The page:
Card v. State

Decision Date23 December 1886
Citation9 N.E. 591,109 Ind. 415
PartiesCard v. State.
CourtIndiana Supreme Court

OPINION TEXT STARTS HERE

Appeal from circuit court, Kosciusko county.

Haymond & Royse, for appellant. The Attorney General, for the State.

Howk, J.

In this case the indictment charged that appellant and Theodore W. Strain, “on the ninth day of September, 1885, at the county of Kosciusko, in the state of Indiana, did then and there feloniously, falsely, and fraudulently make, forge, and counterfeit a certain promissory note, purporting to have been made and executed by one John F. Fisher, for the payment of money to one John Hall, which said false, forged, and counterfeit promissory note is of the following tenor, to-wit, [setting out a copy of such note;] with intent then and there and thereby, feloniously, falsely, and fraudulently, to prejudice, damage, and defraud the said John F. Fisher.”

Appellant was awarded a separate trial, and, upon his arraignment and plea of not guilty as charged in the indictment, the issues joined were tried by a jury, and a verdict was returned finding him guilty as charged, and assessing his punishment at imprisonment in the state's prison for 10 years, and a fine in the sum of $10. Over his motion for a new trial, the court rendered judgment against him upon and in accordance with the verdict.

The only error of which appellant's counsel complain in their brief of this cause is the alleged error of the court below in overruling the motion for a new trial. In discussing this error, counsel say: We think that the court erred, during the trial, in permitting witnesses for the state to detail conversations had with Woodson S. Marshall and others, not in the presence of appellant; and desire to call the attention of the court to the fourth, fifth, sixth, seventh, eighth, ninth, tenth, and eleventh written reasons for a new trial. The argument of one, will, we think, be applicable to all.”

We will consider so many of these causes for a new trial as appellant's counsel have discussed, in the order they have pursued in argument.

They first direct our attention to the fifth reason assigned for a new trial, as follows: “The court erred in permitting the state, over the objections of defendant, to put in evidence a letter from Woodson S. Marshall to W. W. Mikels, dated January 21, 1886.” The letter referred to in this cause for a new trial reads as follows:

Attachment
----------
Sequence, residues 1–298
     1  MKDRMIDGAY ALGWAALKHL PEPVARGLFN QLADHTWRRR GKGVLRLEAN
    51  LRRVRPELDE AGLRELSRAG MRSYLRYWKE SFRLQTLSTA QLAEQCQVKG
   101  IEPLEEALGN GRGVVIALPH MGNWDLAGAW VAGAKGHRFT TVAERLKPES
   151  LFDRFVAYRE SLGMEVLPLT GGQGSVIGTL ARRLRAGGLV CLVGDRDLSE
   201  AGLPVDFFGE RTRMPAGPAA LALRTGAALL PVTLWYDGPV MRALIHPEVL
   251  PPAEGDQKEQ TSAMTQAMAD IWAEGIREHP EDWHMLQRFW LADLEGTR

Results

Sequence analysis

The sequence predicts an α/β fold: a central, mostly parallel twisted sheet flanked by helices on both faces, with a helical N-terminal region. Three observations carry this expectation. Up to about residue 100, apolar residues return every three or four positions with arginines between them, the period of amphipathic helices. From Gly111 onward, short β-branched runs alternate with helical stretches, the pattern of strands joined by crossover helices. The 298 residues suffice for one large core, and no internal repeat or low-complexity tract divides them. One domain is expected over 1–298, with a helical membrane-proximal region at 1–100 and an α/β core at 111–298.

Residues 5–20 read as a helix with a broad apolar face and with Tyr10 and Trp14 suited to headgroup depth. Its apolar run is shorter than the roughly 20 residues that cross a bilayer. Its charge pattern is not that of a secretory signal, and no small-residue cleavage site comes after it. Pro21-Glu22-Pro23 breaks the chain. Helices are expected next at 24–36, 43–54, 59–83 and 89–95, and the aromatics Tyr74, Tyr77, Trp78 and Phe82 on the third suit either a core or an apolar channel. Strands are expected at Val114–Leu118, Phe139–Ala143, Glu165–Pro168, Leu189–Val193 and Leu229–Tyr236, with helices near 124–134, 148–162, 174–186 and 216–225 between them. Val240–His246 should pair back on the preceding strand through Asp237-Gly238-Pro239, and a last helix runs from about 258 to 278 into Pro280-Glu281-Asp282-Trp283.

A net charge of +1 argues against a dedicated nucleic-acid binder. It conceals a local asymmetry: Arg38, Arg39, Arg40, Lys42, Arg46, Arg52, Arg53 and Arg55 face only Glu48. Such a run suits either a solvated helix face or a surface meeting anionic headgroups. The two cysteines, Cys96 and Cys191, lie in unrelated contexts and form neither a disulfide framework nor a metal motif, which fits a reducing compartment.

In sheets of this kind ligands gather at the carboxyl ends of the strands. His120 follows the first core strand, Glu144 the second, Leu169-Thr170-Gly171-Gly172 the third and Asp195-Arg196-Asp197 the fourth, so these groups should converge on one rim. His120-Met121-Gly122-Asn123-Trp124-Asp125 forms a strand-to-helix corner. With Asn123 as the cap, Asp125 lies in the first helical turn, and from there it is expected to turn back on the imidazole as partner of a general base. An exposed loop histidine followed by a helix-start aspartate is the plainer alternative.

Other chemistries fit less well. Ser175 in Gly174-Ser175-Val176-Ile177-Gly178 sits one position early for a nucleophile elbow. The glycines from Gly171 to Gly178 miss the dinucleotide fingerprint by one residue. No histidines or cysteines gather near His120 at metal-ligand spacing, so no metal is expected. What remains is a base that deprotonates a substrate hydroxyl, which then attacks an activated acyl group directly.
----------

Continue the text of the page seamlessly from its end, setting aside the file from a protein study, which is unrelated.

Mr. Mikels: I dropped you a postal to-day. If Mr. S. wants the notes, I think he can have them, as Mr. H. is still here. If you come up in the morning, say nothing to any one until you see me. If you see Cook, and he asks you where you got the Hall notes, say from Hall, and that he is a Chicago man; but don't say you have any notes,–that you returned them to Chicago. Will talk over matters, if you come up. We may want to do some fine figuring. Burn this. If S. made a deed, bring it along.

[Signed] Yours, truly, W. S. Marshall.

8 p. m., 1-21-86.”

It is shown by the record that appellant objected to the admission of this letter in evidence “for the reason that the evidence is irrelevant and immaterial, and does not tend to prove any of the allegations in the indictment; and that it is a written declaration, made by Woodson S. Marshall in the absence of defendant, and without his knowledge or consent, and was hearsay.” The court overruled these objections, and admitted the letter in evidence, and appellant excepted. The letter of Marshall was manifestly admitted in evidence by the trial court upon the ground that it had been shown to the satisfaction of the court, by other evidence appearing in the record, that a criminal conspiracy had been entered into, by and between appellant and his codefendant, Strain, and Marshall, the object and purpose of which conspiracy were the forgery of promissory notes, in the names of certain responsible persons, and the sale and utterance of such forged and counterfeit notes. There was evidence introduced which tended to prove the formation and existence of such a conspiracy by and between the parties named, for the purposes mentioned, and the parts which each of the conspirators was to perform in the accomplishment or furtherance of the criminal design; and that in pursuance of such conspiracy, and while attempting to perform the part assigned him therein by selling and uttering certain of the counterfeit promissory notes forged by such conspirators, Marshall made certain verbal and written declarations, and, among others, the one referred to in the fifth cause for a new trial, and heretofore quoted, of and concerning such notes, and his efforts to sell and utter the same, and about John Hall, the payee named therein. It is manifest that the trial court regarded such evidence as sufficient to establish, prima facie, the fact of such a conspiracy, by and between appellant, Strain, and Marshall, for the object and purpose aforesaid. We cannot say that the trial court erred in its view of the effect of such evidence, for this question is one peculiarly for the consideration and decision of the learned court presiding at the trial.